Notes In Her Kitchen

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When I arrive, she is standing slumped over a clipboard in her kitchen.

In an hour, the restaurant will be buzzing. Cooks, bartenders, servers. But, for now, it’s just the two of us, and, she hasn’t seen me yet. I’m standing, trying not to breathe, pressing my spine into the doorway, worried that she’ll smell the liquor on my breath.

Though, I know, even when she does, she won’t say anything. She keeps my secrets as well as I do.

 

I watch her for a minute. Scratching out her lists. Her notes. Counting heads. Imagining her plates. I know I have to tell her. But, something about the way she is standing begs me to wait until tomorrow. Something sad and tired in her movements, makes me hurt for her. We are both so tired. — Different things  have left us exhausted.

I decide to wait. It has to be the last thing she hears from me. Not the first. I can’t tell her. Not yet.

Her husband walks up behind me and startles me. He’s got a big plastic tub full of ice. “Hey you! Are you ready for today?!” He shouts, rocking his head back and forth like he’s at a metal show.

“Hell yeah!” I shout back, pumping my fist, as he walks past me into the main dining room. But, I’m not ready. And, before I can face them, I run back to the office and take a long swig out of the bottle of cheap vodka in my handbag.

It’s the hottest day of our Portland summer. We are all sweating, even in the air conditioning. And, when we walk out to the street to set up the restaurant’s booth for the street fair, it feels like walking into a stick of butter. Thick and oily. Even my cigarette smoke hangs in the air like a net. And, as we walk toward the shade of the tent, I have to talk myself out of dying. Not just for my own sake, but for hers.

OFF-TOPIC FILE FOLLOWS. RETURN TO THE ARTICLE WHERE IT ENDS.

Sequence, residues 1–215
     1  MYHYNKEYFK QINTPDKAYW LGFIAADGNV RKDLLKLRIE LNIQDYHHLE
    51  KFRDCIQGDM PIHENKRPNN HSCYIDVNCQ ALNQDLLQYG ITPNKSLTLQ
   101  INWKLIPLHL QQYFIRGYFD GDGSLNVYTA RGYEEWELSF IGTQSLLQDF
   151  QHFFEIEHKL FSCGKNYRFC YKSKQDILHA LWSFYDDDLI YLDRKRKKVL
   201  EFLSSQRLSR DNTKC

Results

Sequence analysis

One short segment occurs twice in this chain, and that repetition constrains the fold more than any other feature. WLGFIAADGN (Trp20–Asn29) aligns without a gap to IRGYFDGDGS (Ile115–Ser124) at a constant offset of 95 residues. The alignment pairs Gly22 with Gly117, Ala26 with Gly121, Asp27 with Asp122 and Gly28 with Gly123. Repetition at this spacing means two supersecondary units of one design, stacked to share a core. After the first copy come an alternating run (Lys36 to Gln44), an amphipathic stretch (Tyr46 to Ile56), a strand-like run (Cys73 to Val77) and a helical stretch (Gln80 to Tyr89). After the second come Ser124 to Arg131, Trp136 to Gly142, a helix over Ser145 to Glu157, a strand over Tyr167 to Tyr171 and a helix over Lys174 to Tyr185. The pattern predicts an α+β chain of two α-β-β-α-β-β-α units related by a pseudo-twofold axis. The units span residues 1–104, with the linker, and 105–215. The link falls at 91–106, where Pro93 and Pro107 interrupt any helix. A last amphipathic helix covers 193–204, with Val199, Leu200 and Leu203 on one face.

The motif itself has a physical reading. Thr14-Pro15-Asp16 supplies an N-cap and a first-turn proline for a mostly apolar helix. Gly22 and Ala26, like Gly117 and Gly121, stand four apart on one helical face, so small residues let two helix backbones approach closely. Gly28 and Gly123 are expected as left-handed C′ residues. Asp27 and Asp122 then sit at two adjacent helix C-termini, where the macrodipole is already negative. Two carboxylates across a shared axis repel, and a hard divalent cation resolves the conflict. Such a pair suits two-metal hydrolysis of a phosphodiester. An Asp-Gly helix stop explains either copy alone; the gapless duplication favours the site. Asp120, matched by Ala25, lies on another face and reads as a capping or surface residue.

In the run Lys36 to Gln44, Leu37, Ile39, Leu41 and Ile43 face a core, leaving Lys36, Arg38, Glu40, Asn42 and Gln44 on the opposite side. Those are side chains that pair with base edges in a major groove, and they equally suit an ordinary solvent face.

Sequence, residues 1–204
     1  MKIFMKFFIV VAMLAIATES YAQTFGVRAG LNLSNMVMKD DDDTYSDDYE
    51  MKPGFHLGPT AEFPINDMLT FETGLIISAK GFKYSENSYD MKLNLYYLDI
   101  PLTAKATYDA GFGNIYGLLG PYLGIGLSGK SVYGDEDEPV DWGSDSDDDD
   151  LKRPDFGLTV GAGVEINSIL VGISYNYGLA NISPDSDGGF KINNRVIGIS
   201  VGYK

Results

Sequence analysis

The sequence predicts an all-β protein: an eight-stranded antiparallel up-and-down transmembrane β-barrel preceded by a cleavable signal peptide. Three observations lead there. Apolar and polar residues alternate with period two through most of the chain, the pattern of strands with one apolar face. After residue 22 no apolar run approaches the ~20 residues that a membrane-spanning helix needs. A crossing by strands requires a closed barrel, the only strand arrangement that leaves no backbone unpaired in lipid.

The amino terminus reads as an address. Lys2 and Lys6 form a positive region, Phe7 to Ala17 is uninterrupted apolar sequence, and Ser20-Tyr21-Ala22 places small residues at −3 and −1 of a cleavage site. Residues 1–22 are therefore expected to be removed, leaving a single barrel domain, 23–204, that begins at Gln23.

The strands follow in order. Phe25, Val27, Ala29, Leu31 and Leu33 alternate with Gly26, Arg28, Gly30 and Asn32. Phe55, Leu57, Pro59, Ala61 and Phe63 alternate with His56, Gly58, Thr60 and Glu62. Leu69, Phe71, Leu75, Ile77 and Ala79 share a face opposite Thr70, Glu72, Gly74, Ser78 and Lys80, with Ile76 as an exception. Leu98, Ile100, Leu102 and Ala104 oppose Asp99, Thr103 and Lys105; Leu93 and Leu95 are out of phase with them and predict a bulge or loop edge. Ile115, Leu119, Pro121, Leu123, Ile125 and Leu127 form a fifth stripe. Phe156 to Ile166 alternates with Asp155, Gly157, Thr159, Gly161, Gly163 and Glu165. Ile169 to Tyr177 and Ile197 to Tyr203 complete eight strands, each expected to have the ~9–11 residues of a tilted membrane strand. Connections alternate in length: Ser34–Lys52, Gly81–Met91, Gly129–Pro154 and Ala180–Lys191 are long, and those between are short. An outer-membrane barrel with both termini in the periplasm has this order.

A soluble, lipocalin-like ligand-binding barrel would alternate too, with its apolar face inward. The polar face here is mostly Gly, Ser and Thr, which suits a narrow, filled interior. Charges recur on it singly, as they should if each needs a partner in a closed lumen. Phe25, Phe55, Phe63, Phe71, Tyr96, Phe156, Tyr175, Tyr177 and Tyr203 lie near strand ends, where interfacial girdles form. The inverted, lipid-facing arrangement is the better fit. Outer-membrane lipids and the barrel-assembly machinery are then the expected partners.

***           ***           ***

As a drunk, there are moments that you know, without a doubt, that you have let yourself down. But, until that particular day, during that particular summer, I had never truly felt the weight of letting someone else down.

It wasn’t because of something I did or didn’t do. It wasn’t because of an unpaid invoice or because of the liquor that poured from the restaurant’s shelf into my glass. It wasn’t because I couldn’t hack the job, or the people, or the place. — It was because I couldn’t handle myself any longer. I couldn’t be available for all the things that I said I could be. But, how do I explain that to her? How do I explain that I’ve become unhinged? Every time I see her face, it kicks me in the gut. I couldn’t have known giving up on her would hurt like this — giving up on her dream would hurt like this.

She struggled with the blue awning at the left corner of the tent where we sat in the shade. It gave us little relief from the heat. She handed me her stainless steel coffee thermos. “Sare Bear — It’s time. Get me a vodka-soda.” We both laugh. But, my laugh is more an exclamation of my relief than my amusement. I’ve been drunk since this morning. But, now, I have her permission. Permission to forget the heat. — Permission to forget everything.

Under the tent, I sit next to her in a canvas folding chair and we drink our vodka-sodas from thermoses. The crowds haven’t arrived yet. But, the prep cooks keep delivering hotel pans of fried chicken and noodles for us to serve to people that aren’t there. “Fuck this shit! This is total bullshit. We’re not doing this next year,” she says surveying the near empty street. But, I know she’ll do it again next year — because she does what she has to do for her dream, even when she hates it. Even when the process pains her, she is the most utterly committed person I have ever met. I take a sip from my straw and watch her for my cues. I wait for a sign that I can read, because I have learned to read them all.

That’s the thing that kills me about it. I know her. I know when she says one thing and means another. I know when she’s playing it tough, but is headed for a breakdown in the office. I know when she’s going to smile kindly in someone’s face and tear them to shreds the second they walk out the door. I know that she is in love with her kitchen clipboard more than any of us humans. I know how this place tears her apart and lights her up in every minute she stands at her post in expo, looking out over the dining room like it’s the Serengeti, with a line of servers migrating across an empty floor. I know her. And, I know her kingdom is beautiful and tragic. And, there is so much of me that wants to stay.

But, I can’t. I can’t pull it off. Not in the way she deserves. I keep coming back to that promise I made. — I told her I could. — And. I. Can’t.